This incredible and world’s first expedition is inspired by Homer’s Odyssey, one of the oldest epics in Western literature, that tells the story of Odysseus (Ulysses according to Roman myths) and his adventurous ten year journey back to his kingdom Ithaca, after the end of the Trojan War.
This expedition is certainly expected to be adventurous, even if not ten-year long, or nearly as intense as that faced by Odysseus.
Rowing across oceans is a relatively new adventure sport and is certainly intense. Just to give an idea, less than a thousand people can lay claim to have crossed oceans, and less than 150 have managed to do it solo. In fact, more people have travelled to space, or have stood atop Mt Everest than have rowed across any of the three mighty oceans – Atlantic, Pacific or Indian.
We plan to add our name to this very short list of ocean rowers, by paddling the entire length of the Indian coastline, over about 7,500 km, a route that has not been rowed or paddled by anyone, ever before.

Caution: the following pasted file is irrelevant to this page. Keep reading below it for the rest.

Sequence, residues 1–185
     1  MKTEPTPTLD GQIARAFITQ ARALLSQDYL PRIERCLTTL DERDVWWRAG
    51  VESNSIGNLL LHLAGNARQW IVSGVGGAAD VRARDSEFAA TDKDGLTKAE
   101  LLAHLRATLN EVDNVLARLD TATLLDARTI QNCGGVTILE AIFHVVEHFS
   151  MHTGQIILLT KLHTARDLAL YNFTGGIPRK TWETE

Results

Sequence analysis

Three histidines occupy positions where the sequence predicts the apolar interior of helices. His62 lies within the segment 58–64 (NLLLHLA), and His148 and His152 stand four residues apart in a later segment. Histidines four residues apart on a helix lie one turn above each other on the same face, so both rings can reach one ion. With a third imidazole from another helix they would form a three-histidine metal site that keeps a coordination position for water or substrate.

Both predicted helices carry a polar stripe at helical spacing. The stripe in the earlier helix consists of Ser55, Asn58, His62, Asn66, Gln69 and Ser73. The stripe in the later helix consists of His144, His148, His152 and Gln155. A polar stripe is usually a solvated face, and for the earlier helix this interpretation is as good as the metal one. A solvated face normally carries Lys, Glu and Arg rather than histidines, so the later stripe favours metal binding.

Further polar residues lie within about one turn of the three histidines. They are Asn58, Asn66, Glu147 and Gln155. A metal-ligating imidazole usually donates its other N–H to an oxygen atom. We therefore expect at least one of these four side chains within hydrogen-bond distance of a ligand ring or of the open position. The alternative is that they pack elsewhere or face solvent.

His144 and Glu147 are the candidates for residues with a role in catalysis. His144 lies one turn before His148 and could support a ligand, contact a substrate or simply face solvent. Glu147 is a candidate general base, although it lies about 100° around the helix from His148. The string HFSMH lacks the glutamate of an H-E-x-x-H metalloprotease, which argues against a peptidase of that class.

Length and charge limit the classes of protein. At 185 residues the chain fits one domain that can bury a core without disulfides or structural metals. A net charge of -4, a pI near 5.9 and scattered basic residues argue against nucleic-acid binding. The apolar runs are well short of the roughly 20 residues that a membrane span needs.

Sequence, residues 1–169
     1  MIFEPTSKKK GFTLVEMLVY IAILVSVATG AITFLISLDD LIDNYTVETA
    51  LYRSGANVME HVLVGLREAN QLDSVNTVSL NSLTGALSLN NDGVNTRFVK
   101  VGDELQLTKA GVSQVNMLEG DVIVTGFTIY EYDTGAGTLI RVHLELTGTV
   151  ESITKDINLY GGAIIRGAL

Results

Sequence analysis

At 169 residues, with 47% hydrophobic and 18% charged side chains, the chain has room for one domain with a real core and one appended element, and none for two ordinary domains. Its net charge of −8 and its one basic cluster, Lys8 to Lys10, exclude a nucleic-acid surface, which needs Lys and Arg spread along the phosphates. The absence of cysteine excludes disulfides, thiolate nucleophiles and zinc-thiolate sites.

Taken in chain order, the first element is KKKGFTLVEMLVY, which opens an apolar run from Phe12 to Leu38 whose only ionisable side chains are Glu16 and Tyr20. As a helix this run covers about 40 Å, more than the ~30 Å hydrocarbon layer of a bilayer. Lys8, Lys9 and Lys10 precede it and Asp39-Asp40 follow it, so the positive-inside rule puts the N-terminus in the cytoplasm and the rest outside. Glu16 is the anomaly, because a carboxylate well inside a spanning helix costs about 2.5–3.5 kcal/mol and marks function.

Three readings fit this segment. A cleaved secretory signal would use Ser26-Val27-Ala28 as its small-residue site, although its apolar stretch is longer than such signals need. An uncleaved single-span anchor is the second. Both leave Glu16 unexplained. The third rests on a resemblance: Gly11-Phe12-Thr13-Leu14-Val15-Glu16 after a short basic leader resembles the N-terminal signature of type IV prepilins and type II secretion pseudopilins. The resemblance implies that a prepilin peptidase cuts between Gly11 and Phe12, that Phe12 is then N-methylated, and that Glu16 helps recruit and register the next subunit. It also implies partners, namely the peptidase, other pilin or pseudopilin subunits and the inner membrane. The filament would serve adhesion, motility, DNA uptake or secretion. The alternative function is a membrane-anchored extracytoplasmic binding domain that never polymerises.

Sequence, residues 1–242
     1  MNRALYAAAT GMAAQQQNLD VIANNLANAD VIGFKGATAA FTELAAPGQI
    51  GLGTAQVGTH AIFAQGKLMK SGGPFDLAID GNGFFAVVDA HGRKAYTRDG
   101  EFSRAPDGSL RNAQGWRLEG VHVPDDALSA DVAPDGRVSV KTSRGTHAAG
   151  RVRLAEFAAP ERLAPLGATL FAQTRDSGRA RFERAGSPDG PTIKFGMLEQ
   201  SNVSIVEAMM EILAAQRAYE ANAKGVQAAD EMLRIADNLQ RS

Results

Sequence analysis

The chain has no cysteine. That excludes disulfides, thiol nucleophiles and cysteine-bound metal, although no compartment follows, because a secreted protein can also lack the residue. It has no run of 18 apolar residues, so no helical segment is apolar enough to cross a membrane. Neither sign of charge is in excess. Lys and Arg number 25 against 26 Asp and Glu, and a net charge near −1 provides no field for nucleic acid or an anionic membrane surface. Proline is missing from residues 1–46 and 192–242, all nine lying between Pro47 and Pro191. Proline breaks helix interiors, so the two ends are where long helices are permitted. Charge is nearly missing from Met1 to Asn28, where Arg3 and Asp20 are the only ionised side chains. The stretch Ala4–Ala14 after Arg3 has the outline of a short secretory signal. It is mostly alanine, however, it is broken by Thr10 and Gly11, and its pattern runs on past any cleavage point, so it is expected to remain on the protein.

The Indian Ocean is the third-largest of the world’s oceans covering and area of more than 70 million square kilometres or almost 20% of the Earth’s surface water. To its North lies the continent of Asia, Africa lies to the West, Australia to the East, while Antarctica forms the Southern boundary. It is the smallest, geologically youngest, and physically most complex of the world’s three major oceans.
All of the Indian Ocean lies in the Eastern hemisphere and is delimited from the Atlantic Ocean by the 20°E meridian, and from the Pacific Ocean by the meridian of 146°49’E, running south from the southernmost point of Tasmania. The northernmost extent of the Indian Ocean is approximately 30°N in the Persian Gulf.
The Northern Indian Ocean also is the most important transport route for oil as it connects the oil-rich countries of the Middle East Each with Asia. Every day tankers are carrying a cargo of 17 million barrels of crude oil from the Persian Gulf on its waters. 40% of the world’s offshore oil production comes from the Indian Ocean, mainly from oilfields of Indonesia and the Persian Gulf.
Called the Sindhu Mahasagara by ancient Indians, it has been called Hindu Ocean, Indic Ocean, etc in various languages. The Indian Ocean was also known earlier as the Eastern Ocean. In ancient Greek geography the Indian Ocean was called the Erythraean Sea. There are current attempts to rename the Indian Ocean as Asian Sea and Afrasian Sea.